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Countdown to Arizona Diamondbacks Opening Day: D-20, Chris Iannetta

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He’ll be expected to be the offensive part of our catching department. For now, at least...

MLB: Spring Training-Oakland Athletics at Arizona Diamondbacks Rick Scuteri-USA TODAY Sports

We asked you to rank the 40-man roster along with the 16 non-roster invitees to spring training, and every day between now and the eve of Opening Day, we’ll have a profile of one of those Diamondbacks.

D minus 20: Chris Iannetta

  • Date of birth: April 8, 1973
  • Ht/Wt: 6’0”, 230 lbs
  • Position: Catcher
  • Status: 40-man roster
  • Bats/Throws: R/R
  • 2016 MLB numbers: 94 games, 338 PA, .210/.303/.329, 7 HR, 24 RBI
  • SnakePit Rating: 5.21 [pattern of votes below]

Iannetta is hardly a stranger to Chase Field, having played six seasons for the Colorado Rockies after they drafted him in the fourth round of the 2004 draft. He had some good seasons there, peaking in bWAR with a 3.2 win season in his final year of 2011. The Rockies then traded him to the Angels for Tyler Chatwood, and Iannetta signed a three-year, $15.5 million contract extension with Anaheim in October 2012. When that ran out, he got a one-year deal in Seattle for last year, but as in 2015, Iannetta’s bat seemed to have deserted him, managing an OPS+ of just 75 with the Mariners. He signed with Arizona in mid-January, getting a one-year deal worth $1.5 million.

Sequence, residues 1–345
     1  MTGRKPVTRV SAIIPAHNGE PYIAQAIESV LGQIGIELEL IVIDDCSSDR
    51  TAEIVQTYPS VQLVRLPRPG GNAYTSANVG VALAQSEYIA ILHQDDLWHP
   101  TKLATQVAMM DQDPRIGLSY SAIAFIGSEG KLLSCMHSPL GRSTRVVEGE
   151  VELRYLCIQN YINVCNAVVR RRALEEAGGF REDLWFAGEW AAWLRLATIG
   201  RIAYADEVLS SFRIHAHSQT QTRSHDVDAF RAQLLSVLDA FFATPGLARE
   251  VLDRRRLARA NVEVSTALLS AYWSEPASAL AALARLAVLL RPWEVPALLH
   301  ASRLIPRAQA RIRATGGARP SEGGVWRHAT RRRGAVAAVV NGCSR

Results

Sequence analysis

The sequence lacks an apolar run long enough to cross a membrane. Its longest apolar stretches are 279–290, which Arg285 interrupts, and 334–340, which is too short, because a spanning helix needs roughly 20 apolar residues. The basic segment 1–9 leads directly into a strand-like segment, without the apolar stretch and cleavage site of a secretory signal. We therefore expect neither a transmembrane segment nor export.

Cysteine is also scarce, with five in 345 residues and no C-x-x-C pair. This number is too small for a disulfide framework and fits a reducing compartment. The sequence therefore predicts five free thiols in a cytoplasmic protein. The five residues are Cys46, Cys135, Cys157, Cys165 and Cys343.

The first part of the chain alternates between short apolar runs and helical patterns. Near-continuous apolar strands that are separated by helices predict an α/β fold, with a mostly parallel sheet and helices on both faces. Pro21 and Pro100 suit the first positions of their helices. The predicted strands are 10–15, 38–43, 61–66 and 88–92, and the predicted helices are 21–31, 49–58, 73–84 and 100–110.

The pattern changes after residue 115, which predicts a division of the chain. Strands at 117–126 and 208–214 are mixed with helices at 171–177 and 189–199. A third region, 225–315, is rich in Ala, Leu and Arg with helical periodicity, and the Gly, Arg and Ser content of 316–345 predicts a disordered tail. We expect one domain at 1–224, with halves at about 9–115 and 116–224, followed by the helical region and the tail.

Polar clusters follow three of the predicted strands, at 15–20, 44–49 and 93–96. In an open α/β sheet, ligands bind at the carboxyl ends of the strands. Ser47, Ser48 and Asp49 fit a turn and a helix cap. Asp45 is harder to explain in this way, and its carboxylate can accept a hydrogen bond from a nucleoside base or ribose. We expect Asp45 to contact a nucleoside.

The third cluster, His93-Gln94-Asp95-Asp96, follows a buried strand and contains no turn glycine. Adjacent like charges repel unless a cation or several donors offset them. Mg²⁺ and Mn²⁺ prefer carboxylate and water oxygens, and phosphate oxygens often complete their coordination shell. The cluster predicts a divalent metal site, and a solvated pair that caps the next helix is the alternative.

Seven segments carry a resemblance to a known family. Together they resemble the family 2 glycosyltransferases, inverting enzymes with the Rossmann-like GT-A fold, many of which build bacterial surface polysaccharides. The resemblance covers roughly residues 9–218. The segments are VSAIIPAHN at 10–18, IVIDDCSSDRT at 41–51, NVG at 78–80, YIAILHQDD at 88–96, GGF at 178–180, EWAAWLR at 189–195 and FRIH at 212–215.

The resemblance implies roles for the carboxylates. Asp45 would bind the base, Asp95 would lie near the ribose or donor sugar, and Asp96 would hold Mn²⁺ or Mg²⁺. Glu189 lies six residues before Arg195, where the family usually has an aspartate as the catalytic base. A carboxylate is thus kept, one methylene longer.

It likely won’t be clear how catching gets split between Iannetta and Jeff Mathis until the season gets under way. Mathis earns more, but Iannetta has consistently played more over recent seasons. Iannetta’s numbers have been all over the place as far as pitch-framing goes: the metrics rated him highly in 2015, but well below average in 2016. One thing to note is Iannetta’s solid plate discipline: his career walk rate is 13.8%, compared to MLB average of 8.2%, and even as his BA cratered the past two seasons, the walks kept coming, at 12.9% and 11.2%. His 2015-16 BABIP was almost thirty points below career average too, despite a 23% line-drive rate, above his career figure.

Iannetta’s future may depend not only on his own performance, but when/if the team thinks Oscar Hernandez is ready to move to the majors. Both men have hit well in spring, and Iannetta is cheap enough by baseball standards, that he may be a place holder until Hernandez is deemed fit for duty. But, I guess if baseball doesn’t work out, he can always turn to his back-up plan, of running a vineyard.

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